The Good Shepherd

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THE GOOD SHEPHERD attempts a ‘Godfather‘-like historical-political-espionage saga, a generational epic covering a much greater ‘crime family’, the Central Intelligence Agency. Seen through the eyes of a key operative (Matt Damon), it uses fictive folk as thinly disguised real-life counterparts. Starting in 1939 it dives into the WASP’s nest of Yale’s secretive Skull & Bones society that spawned/spawns the cancerous backbone of the Deep State we’ve all come to know & dread. WW2’s O.S.S. days through the 1961 fiasco of The Bay of Pigs, the story ambitiously layers-in dealing with Soviet moles, covert messing in the affairs of Central American and African countries, and the interior psychological and moral damage all the secrecy and lies do to the human chess pieces. Thanks for all the Peace & Security!

Soviet power is a myth. Great show. There are no spare parts. Nothing is working, nothing, it’s nothing but painted rust. But you, you need to keep the Russian myth alive to maintain your military industrial complex. Your system depends on Russian being perceived as a mortal threat. It’s not a threat. It was never a threat. It will never be a threat. It’s a rotted, bloated cow.”

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Eric Roth’s dense screenplay was first written in 1994 for Francis Ford Coppola. By the time the $90,000,000, 167-minute production was released in 2006, Coppola had left the helm (remaining as Executive Producer) and one of his Corleone’s had taken the reins as director, Robert De Niro.  Don Francis bailed because screenwriter Roth’s centrally intelligent main character was so lacking in emotion he couldn’t relate. It’s the bugaboo for De Niro’s careful handling as well. Handsomely filmed, with a strong cast and plenty of material to engage them, De Niro and Roth downplay action for muted anxiety, and the slow-paced film depends on the chops of the supporting cast for injecting flesh & blood passion into the dispassionate mine field of deceit. Damon’s an excellent actor, but his ‘Edward Wilson’ (based on James Angleton and Richard Bissell) is so closed-in in manner and delivery and so closed off from warmth or vitality he may as well be be a log as a cog. Somehow he’s supposed to entice brazenly sexy socialite Angelina Jolie and kindly deaf student Tammy Blanchard, but it’s left solely to the actresses to sell that stack of cardboard since the script and interpretation leaves Wilson/Damon wanting. Blanchard is charming, Jolie once again wins every round she plays, giving the progressively downbeat trek some needed spice, spite and sorrow.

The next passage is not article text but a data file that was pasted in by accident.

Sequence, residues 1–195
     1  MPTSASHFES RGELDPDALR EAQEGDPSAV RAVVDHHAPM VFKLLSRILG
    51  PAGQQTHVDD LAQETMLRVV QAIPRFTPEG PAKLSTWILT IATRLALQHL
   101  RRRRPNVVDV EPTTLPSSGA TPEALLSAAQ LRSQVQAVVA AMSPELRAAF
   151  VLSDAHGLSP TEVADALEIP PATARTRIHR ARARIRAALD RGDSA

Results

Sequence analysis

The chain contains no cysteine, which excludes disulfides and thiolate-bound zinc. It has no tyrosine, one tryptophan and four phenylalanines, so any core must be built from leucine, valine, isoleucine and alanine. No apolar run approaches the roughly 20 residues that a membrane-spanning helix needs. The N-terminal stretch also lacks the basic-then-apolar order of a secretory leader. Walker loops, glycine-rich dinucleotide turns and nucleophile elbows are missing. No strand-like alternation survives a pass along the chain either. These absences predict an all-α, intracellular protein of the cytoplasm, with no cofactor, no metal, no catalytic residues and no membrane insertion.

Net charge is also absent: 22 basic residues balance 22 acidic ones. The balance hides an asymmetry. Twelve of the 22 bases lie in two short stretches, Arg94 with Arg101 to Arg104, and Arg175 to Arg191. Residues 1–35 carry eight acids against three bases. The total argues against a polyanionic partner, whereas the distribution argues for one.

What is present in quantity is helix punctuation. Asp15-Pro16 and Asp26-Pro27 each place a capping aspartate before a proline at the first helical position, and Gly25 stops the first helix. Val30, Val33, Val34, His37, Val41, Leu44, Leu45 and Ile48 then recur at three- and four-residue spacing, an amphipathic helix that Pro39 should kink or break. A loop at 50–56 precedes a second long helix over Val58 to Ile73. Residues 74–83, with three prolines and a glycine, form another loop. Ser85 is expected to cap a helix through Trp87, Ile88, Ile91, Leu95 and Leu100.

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Reviews were mixed, and worldwide grosses only came to $99,500,000, a true C.I.A.-scale planning failure. The rich production design, catalog of murderous misdeeds and solid supporting performances hold interest, even with Damon’s character pitched to somnolence. Roth’s script delivers a particularly astute gut punch to the Brahmin blooded creed behind the Agency’s agents when a Mafia ‘resource’ (Joe Pesci, back after an eight-year hiatus, playing a version of Sam Giancana) throws this cannoli at the roasted beef Edward/Matt: “Let me ask you something… we Italians, we got our families, and we got the church; the Irish, they have the homeland, Jews their tradition; even the niggers, they got their music. What about you people, Mr. Wilson, what do you have?”

The unhesitant reply: “The United States of America. The rest of you are just visiting.”

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With expected fine work from John Turturro, William Hurt (facsimile of Allen Dulles), Alec Baldwin, Michael Gambon, Billy Crudup (likened Kim Philby), John Sessions, Oleg Stefhanko, Martina Gedeck, Eddie Redmayne (23, feature debut), De Niro (covering William Donovan), Lee Pace (pseudo Richard Helms), Mark Ivanir, Timothy Hutton, Keir Dullea. Music score by Bruce Fowler and Marcelo Zarvos, cinematography by Robert Richardson. Oscar nominee for the excellent Art Direction. Shot mostly around Long Island, Connecticut, D.C. and London, with the Congo sequences done in the more accommodating Dominican Republic (Art Imitating Life Dept., Irony Lost Division). The C.I.A. did not like the movie.

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